Anime is a huge passion of ours at STARBURST so we were thrilled when Eunyoung Choi; the lead Producer and Co-Founder of one of the most popular Anime studios in Japan, ScienceSARU, agreed to sit down with us to talk about the studios latest mega-hit show, Keep Your Hands Off Eizouken!, her history in the industry and what's next for the legendary studio.
STARBURST: Congratulations on the success and popularity of Keep Your Hands Off Eizouken! - it's our favourite anime of the season.
EUNYOUNG CHOI: Thank you so much for the kind words. The team is doing great work, and we honestly didn’t expect all this feedback from the audience. We decided to work on the project because it was a very interesting story and we all related to it - it’s not a typical anime or conventional anime, so we didn’t expect this kind of amazing feedback from the fans. We are very happy about that.
In your own words can you briefly describe to our readers what Eizouken! is about?
It is a story about three high school girls that establish a school club to make animation, but to receive the budget they need to make the club, they have to go through a lot of trials and hard work. It’s a story about them trying to achieve their dream through animation and art, which is what they’re most passionate about. Each of the three girls have different roles - an animator, a producer and a director. It’s kind of exciting and very fulfilling as a production team to bring these characters to life.
What was it about the manga that appealed to you and Masaaki Yuasa that made you and your team want to turn it into an anime?
When we finish a project, we take a lot of time to think about what we want to do next. Our pipeline is very limited - our time is very limited, and our staff is still somewhat small compared with the very big studios, so we carefully go through all of the possibilities, including TV series or feature films. One of the discussions we had before we did Eizouken! was that, when we found the manga and read it, we found it really suited us. There are other TV shows about animation, like Shirobako, which are very popular with fans since they like to see characters making anime. Eizouken is a little bit different as it’s more about what they are making and imagining, and follows the struggles of making it as amateurs rather than professionals. It’s about them evolving from the beginning and becoming a team. Also, the manga gives a very positive message via the story and characters about moving forward, solving problems, and how to bring your ideas to life. And we think it’s good to show the audience how much we enjoy the process through the struggles - it contains all these aspects and elements.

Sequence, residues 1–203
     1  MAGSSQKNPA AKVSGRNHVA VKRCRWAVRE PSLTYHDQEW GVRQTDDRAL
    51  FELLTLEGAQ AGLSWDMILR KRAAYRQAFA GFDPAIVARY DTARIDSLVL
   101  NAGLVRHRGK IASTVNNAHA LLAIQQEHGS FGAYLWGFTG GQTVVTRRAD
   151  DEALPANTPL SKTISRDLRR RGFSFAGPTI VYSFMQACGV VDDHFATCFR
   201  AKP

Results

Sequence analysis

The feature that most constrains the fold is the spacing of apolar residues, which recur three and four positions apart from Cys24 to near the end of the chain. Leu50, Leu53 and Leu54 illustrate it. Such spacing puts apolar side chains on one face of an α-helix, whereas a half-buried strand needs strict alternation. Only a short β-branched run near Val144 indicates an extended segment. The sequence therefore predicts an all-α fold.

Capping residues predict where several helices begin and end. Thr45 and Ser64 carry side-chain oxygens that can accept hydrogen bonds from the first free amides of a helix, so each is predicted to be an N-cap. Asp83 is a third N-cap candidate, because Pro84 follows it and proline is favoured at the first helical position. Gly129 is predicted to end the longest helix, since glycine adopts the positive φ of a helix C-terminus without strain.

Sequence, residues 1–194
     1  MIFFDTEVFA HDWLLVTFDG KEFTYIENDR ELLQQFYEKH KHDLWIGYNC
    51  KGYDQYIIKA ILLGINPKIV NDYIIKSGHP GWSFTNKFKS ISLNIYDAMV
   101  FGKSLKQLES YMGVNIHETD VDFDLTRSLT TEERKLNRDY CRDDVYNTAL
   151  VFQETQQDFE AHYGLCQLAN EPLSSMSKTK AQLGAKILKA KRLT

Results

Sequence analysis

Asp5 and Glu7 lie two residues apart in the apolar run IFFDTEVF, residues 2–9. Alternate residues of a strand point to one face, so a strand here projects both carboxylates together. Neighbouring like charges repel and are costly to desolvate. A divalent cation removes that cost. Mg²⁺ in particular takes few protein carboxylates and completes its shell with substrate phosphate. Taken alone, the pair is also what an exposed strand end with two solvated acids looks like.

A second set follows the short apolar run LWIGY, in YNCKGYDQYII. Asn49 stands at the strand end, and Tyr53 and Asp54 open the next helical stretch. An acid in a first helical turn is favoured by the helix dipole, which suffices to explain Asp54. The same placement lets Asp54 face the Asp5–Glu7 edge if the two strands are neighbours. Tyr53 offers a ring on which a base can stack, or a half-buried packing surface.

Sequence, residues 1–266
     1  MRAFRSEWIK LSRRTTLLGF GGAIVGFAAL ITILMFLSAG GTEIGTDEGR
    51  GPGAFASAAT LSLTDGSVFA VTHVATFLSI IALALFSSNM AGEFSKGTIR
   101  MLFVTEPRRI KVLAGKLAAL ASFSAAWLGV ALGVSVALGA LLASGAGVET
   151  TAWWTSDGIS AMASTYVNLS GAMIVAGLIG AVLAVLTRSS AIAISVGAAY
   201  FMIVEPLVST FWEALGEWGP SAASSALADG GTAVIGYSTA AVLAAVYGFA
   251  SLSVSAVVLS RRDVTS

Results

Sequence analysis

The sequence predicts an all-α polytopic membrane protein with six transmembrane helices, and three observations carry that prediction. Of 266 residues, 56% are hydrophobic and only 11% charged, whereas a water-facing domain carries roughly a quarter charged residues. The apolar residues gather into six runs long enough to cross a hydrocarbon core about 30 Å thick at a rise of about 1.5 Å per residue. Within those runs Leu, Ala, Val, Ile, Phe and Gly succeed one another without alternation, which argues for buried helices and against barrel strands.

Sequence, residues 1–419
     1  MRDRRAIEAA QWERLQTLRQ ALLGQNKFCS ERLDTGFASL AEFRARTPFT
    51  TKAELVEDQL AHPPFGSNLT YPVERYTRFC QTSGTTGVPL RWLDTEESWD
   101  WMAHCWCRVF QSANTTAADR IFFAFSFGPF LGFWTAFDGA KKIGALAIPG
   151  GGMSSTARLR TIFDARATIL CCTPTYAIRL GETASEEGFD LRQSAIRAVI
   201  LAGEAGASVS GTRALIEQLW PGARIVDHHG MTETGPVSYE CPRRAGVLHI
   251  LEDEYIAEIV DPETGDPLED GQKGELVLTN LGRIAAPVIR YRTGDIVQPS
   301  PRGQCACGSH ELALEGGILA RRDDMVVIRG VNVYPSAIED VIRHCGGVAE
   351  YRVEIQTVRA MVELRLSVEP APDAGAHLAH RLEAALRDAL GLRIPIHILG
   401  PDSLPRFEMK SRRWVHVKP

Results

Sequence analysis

The story is about three girls making an anime at school. Is School where your love for animation began?
Actually not. It was a long journey to get into the animation industry. Before this, I studied fine arts and sculpture, and I was also very into art and literature, philosophy and music, and all sorts of other things. Animation didn’t start off as my interest until I went to school in London. I went to animation school in my late 20s. I hadn’t watched Ghibli films, or even Disney, at that time. So I decided to educate myself in animation and I watched a lot of movies and shows. It took a while to get to the place where I wanted to be. But I got there eventually after I turned 30. It’s not that I wasn’t interested; I just didn’t have the knowledge at the time.
The three main characters: Asakusa, Mizusaki and Kanamori are three wonderful characters that are unique, funny and loveable. Who is your favourite and why?